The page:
The dramatic escalation of events in recent days, between the U.S. and Iran, has prompted the U.S. Department of Homeland Security to release an official warning to organizations.

In its first official guidance since the U.S. authorized drone attack against Iran, the Cybersecurity and Infrastructure Security Agency (CISA) has warned organizations to “consider and assess the possible impacts and threat of cyberattack on their businesses.”  This includes the risk of an Iran cyber attack.

The brief goes on to say that Iran and its allies could launch “disruptive and destructive cyber operations” against strategic targets including financial, utility, and energy companies, as well as transit systems.

CISA also warned of potential disinformation campaigns and kinetic attacks – including bombings, and advised companies to take necessary precautions, including off-line backups of critical data and systems. To be clear, Iran has been carrying out state-sponsored attacks on the U.S. for a while.

2012 and 2013 saw a series of denial-of-service attacks against Bank of America, the New York Stock Exchange, and NASDAQ that were attributed to Iran. Additionally, Iran attributed as the source of an attack on the Sands Casino in Las Vegas, which shut down all operations.

In short, Iran has been and will continue to be a cyber threat to the U.S.  While this won’t change, what changes constantly is the level of risk.  It’s dynamic.  In fact, this illustrates a great point with respect to cyber threats in general.  

Cyber-attacks are highly dynamic in terms of the level of risk, identity of the attackers, attack targets, and the infrastructure being used to launch attacks.

This makes it critical for organizations to incorporate a broad-based view of threat intelligence from multiple sources in order to increase visibility into threats, improve cyber defenses, and reduce risk.

Now more than ever, threat intelligence-driven cybersecurity is critical to protecting our economy, our infrastructure, and our institutions. Specific to the current threat from Iran, here’s three major ways you can leverage threat intelligence to reduce the risk.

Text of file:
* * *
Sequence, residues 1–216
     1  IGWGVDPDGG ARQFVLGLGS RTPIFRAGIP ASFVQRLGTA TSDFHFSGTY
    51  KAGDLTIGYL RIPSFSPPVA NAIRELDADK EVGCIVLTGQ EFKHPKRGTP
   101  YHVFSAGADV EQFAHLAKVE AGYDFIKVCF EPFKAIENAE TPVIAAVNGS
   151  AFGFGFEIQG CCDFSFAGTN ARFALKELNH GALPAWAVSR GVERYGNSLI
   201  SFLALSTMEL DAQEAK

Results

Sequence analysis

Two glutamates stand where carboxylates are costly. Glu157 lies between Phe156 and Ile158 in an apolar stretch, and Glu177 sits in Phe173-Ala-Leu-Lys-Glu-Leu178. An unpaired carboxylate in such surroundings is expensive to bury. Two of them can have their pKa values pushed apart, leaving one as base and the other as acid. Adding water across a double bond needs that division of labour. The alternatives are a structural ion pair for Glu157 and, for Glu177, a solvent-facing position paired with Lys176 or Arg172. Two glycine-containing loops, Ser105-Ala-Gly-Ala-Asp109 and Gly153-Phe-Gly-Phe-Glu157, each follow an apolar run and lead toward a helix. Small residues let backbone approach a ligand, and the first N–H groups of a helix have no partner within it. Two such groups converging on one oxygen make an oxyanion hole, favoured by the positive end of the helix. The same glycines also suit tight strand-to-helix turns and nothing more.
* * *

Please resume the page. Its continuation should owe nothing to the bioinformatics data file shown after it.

1. Batten Down Your GEO-IP Hatches & Increase Your Sights on Where Your Network Traffic is Coming from and Going To

Now’s a great time to revisit GEO-IP policies for network access and increase monitoring efforts.  One easy way you can reduce risk is to block or become more restrictive on network traffic originating from or going to Iran (and other hostile countries that represent an Iranian proxy risk).  Now, we know that GEO-IP controls are not a panacea, and have challenges on two main fronts:

  • The first is that a smart Iranian attacker will most likely utilize geo-spoofing techniques to hide their point of origin or look to leverage non-Iranian attack infrastructure.  While this may lead one to conclude that GEO-IP blocking adds limited value, this is far from the truth.
  • Global threat actors may seize on this an opportunity to launch their own spoofed attacks, using Iran as the origination point. Our friends at Recorded Future illustrate this in their recently published threat intelligence report,  which highlighted documented instances of Russian state-sponsored groups hijacking and using Iranian infrastructure for their own cyber operations.  
  • The second challenge with GEO-IP is that given the global nature of many businesses, it may not be feasible to block traffic from/to specific countries in their entirety.
  • In this case, at a minimum, you should increase your monitoring efforts around the volumes and behavior of network traffic from risky countries.

2. Broaden Your Threat Intelligence Use

Today’s elite cybersecurity organizations utilize a broad mix of threat intelligence in order to keep up with today’s highly dynamic threat landscape.